“Why do I, as a Christian, even need art?”
This question was posed by a student objecting to the requirement that he take a fine arts course for graduation from a Christian college. The student noted that, having been “called into the ministry,” he had given up time-wasting distractions such as watching television and playing video games. Where did the visual arts fit, he inquired, into a life dedicated to Bible reading and church service? Put another way, are the visual arts more akin to mindless amusement or to seeking the knowledge of God?
This problem—distinguishing between entertainment and elucidation—is intensified when we consider the art of Andy Warhol. With the art of Henry Ossawa Tanner, perhaps the greatest American painter of Biblical subjects, the connection with faith seems self-evident. For example, in Tanner’s The Annunciation we see a manifestation of grace by which Mary is transformed from a young woman into the mother of God. Her moment of revelation and faith becomes ours.
Andy Warhol’s Silver Liz, a 40 x 40″ silkscreen painting made in 1963, might seem to have discarded all that was sacred in Tanner’s art and embraced, with full abandon, the transient banality of celebrity, fashion, and entertainment.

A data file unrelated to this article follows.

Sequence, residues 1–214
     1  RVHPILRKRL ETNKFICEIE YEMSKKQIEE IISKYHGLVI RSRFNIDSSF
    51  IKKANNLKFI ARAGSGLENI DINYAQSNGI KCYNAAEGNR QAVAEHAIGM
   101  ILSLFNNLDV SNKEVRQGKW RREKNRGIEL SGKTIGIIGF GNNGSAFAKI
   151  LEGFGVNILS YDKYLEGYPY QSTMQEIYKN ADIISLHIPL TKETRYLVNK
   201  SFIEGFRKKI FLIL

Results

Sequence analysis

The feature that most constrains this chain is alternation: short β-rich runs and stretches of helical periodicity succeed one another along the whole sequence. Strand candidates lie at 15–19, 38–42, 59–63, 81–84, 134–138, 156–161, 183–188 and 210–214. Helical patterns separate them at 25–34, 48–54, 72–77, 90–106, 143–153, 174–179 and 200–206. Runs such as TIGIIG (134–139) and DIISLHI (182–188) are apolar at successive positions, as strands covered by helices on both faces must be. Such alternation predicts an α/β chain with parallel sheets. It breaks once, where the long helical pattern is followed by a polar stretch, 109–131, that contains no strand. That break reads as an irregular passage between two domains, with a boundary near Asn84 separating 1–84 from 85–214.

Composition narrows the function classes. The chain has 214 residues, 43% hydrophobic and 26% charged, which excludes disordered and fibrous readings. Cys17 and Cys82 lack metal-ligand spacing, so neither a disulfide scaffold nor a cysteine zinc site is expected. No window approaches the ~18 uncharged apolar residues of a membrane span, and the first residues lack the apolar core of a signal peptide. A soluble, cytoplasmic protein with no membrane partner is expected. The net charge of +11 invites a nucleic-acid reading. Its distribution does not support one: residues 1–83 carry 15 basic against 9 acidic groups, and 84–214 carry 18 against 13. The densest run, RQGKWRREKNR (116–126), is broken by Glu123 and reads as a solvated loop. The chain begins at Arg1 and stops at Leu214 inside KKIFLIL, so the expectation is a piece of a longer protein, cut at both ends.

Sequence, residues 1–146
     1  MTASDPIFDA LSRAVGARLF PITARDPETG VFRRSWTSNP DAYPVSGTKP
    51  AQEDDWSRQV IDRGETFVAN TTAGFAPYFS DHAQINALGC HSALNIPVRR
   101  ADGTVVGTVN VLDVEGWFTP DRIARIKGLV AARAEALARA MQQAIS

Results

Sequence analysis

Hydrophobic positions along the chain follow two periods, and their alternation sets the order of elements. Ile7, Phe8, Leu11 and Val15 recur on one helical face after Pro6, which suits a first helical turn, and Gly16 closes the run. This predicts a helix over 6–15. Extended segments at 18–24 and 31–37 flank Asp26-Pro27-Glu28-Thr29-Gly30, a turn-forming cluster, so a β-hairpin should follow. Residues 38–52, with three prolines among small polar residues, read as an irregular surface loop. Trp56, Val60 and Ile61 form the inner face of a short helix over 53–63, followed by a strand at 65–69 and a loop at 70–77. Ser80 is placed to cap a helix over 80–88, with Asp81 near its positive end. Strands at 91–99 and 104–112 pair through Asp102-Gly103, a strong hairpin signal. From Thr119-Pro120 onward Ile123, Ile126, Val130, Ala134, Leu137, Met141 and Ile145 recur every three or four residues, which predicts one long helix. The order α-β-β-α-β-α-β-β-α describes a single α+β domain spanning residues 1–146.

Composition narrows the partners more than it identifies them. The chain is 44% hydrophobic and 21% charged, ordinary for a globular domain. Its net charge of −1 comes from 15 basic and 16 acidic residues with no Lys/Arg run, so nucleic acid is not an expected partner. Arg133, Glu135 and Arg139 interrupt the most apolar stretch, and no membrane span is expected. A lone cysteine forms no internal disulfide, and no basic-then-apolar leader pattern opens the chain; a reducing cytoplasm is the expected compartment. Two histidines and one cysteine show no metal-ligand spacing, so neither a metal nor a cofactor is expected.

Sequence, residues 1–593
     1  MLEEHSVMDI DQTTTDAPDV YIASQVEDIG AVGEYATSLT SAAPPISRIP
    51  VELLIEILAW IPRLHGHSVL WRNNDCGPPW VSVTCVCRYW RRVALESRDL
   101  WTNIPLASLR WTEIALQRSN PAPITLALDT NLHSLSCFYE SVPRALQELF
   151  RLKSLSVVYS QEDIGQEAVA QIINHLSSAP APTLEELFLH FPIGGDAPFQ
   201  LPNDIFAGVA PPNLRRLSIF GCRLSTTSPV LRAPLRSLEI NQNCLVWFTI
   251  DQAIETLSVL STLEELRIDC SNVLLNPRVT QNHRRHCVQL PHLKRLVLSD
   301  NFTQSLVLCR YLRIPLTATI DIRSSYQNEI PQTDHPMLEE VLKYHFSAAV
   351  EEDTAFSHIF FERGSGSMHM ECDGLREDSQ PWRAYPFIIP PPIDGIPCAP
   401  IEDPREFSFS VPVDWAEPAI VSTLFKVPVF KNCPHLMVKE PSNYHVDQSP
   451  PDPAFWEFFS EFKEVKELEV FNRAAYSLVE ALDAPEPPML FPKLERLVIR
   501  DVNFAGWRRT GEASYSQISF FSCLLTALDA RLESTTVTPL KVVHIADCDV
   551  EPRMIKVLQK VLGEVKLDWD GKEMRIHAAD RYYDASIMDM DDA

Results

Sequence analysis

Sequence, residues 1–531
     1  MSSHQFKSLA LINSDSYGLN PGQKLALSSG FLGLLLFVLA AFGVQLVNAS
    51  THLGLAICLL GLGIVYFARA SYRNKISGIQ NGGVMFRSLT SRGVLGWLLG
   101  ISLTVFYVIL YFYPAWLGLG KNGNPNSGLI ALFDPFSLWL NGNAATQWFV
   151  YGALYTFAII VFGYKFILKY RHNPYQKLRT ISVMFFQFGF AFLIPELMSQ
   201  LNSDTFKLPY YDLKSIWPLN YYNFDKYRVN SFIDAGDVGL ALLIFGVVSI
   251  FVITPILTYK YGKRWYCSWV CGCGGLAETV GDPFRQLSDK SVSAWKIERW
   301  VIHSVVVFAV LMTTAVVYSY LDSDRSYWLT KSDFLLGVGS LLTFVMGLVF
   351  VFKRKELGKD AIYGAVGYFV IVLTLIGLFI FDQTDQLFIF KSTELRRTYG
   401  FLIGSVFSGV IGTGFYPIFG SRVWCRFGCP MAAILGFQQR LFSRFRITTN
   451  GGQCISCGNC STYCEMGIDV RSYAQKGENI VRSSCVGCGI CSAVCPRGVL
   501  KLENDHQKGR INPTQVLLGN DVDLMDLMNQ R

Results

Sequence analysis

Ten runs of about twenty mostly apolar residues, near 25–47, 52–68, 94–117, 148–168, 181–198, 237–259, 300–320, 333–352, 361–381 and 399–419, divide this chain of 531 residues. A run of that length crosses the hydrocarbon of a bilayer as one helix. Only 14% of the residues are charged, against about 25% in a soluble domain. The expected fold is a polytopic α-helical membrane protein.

There is a mythology, partly cultivated by Warhol himself, that his paintings are shallow celebrations of popular culture. His art has often been targeted by critics, both within the Christian community and beyond, as a cynical burlesque of “art.” It is true that Silver Liz challenges much of what is often expected of a picture. Having cropped the image to minimize pictorial space and narrative, Warhol thrusts Elizabeth Taylor in our faces.
Warhol has often been charged with being obsessed with consumerism. Ironically, the issue that many of Warhol’s critics have with Silver Liz, as an aesthetic object, is that it is not sufficiently consumable. In his Critique of Judgment, Immanuel Kant described the sublime as the spectator’s rationalized experience of awe. To experience the sublime, for Kant, is to transform the sublime rather than being transformed by it.